Conversion Basics: Product Page Design Tactics That Boost Sales - Login Lockdown
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Conversion Basics: Product Page Design Tactics That Boost Sales

Travis Jamison
September 19, 2023

Navigating the digital landscape can be tricky – especially when optimizing your product pages. Your product page is more than a showcase for your offerings. It’s a digital salesperson. A stellar product page design is vital whether you’re dealing in e-commerce goods, digital products, or online services.

You’re not designing a page — you’re curating an experience. And it’s time to make that experience count. Welcome to the world of conversion-driven product page design.

In this piece, we’ll discuss product page design tactics that can boost the buying process and skyrocket your sales. We’ll offer actionable tips, industry insights, and data-backed strategies. They can help you revolutionize your e-commerce store, regardless of the type of product you’re selling.

By the end, you’ll know how to give your product pages the revamp they deserve. Let’s begin!

Use trust badges to generate confidence

Trust badges act as digital confidence boosters. They serve to reassure potential buyers about the legitimacy of your brand. They also confirm your brand’s commitment to quality, safety, and transparency. That can be the gentle nudge a customer needs to complete the sale.

A study by the Baymard Institute revealed that 18% of potential customers abandoned their shopping carts due to a lack of trust. You can reduce this percentage by displaying trust badges on your product pages. That way, you can push potential buyers past their uncertainties.

Take the example of Transparent Labs, a natural sports supplements brand. Notice the various trust badges across their product pages. Well, they’re there to instill confidence in Transparent Lab’s offerings. Donation pages can also use trust badges to show donors that their donations are secure and their personal information will be protected. Additionally, donation pages can use clear and concise language to describe the organization’s mission and how donations will be used. This can help to build trust and confidence with potential donors.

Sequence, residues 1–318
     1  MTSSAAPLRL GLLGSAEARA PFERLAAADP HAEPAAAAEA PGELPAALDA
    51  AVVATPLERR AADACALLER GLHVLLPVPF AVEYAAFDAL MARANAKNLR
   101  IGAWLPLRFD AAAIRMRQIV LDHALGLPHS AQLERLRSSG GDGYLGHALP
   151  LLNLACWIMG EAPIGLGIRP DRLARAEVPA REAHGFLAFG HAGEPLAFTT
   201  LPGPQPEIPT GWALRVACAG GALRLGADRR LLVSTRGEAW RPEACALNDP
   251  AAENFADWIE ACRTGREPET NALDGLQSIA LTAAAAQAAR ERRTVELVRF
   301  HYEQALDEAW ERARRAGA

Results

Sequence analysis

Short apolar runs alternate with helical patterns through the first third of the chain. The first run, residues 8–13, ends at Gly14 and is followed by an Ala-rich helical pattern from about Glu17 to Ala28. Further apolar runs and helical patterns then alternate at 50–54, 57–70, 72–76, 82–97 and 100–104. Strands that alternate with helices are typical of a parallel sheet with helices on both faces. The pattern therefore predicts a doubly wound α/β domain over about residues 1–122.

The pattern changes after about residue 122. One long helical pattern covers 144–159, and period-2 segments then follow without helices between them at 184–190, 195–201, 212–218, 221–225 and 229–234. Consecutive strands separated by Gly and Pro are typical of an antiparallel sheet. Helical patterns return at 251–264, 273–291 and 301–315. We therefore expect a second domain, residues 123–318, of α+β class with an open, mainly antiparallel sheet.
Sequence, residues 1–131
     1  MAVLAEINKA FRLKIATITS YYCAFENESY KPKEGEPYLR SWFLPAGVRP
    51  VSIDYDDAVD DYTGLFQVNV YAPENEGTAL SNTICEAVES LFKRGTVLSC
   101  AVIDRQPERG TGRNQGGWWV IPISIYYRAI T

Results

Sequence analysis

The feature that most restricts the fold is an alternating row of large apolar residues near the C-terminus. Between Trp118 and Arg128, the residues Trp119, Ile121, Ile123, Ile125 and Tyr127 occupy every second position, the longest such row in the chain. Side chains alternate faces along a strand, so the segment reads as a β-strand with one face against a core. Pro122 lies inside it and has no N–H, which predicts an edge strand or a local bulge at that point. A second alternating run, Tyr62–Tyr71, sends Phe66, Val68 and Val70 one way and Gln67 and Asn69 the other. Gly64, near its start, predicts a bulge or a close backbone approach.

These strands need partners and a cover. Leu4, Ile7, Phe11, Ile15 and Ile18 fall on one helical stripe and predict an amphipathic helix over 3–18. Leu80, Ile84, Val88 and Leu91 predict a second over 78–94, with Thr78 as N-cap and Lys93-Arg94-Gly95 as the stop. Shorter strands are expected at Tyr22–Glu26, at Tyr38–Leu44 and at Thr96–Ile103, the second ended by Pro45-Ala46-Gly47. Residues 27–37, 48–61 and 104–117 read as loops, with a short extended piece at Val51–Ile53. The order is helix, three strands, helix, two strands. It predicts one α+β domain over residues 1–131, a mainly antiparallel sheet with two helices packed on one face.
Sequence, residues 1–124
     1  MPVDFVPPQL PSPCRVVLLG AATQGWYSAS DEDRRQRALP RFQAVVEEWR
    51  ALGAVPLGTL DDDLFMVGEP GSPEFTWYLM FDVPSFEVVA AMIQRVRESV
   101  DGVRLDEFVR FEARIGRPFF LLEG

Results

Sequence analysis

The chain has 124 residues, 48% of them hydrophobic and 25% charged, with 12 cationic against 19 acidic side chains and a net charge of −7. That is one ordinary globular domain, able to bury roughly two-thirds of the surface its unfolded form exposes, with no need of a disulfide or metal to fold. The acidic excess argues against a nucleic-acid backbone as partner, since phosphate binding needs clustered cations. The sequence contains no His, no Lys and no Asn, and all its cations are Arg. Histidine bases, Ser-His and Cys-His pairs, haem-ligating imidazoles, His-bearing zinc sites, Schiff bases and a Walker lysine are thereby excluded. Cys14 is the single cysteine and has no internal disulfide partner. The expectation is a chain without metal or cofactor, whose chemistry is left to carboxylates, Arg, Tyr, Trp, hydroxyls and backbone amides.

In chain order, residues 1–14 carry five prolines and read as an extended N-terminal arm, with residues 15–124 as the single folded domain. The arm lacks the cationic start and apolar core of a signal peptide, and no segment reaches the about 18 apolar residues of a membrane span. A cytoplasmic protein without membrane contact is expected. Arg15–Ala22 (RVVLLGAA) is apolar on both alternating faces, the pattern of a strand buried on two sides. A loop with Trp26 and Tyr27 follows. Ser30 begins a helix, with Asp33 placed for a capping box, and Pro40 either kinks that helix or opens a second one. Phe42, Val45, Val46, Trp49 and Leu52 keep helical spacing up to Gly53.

Check out their Creatine HMB supplement product page. They declare this product as officially-tested, sugar-free, gluten-free, non-GMO, and more. By doing this, they reassure customers about the quality and safety of the supplement.

This strategy not only communicates their commitment to health and safety. It also elevates their transparency, cultivating trust and boosting their conversion rates.

Trust badges are a simple yet powerful tool in your product page design arsenal. Make sure you’re using them to the fullest. Show your potential buyers that you’re a brand worth trusting.

Screenshot showing trust badges

Source: transparentlabs.com

Address shipping costs and timelines

Transparency around shipping costs and delivery times is a critical factor in conversion. Customers want to know about the delivery charges for their chosen products. Additionally, they crave accurate info on the estimated arrival time of their purchases.

Keep this information clear, upfront, and accessible on your product pages. It’ll help enhance the customer experience and drive conversions.

Let’s revisit the same study by the Baymard Institute mentioned above. It notes that 48% of online shoppers abandon their carts due to high extra costs like shipping and taxes. Many of them show up only at checkout. So, make sure to state the shipping costs and delivery dates on the product page. That’s how you’ll prevent this surprise and potential loss of sales.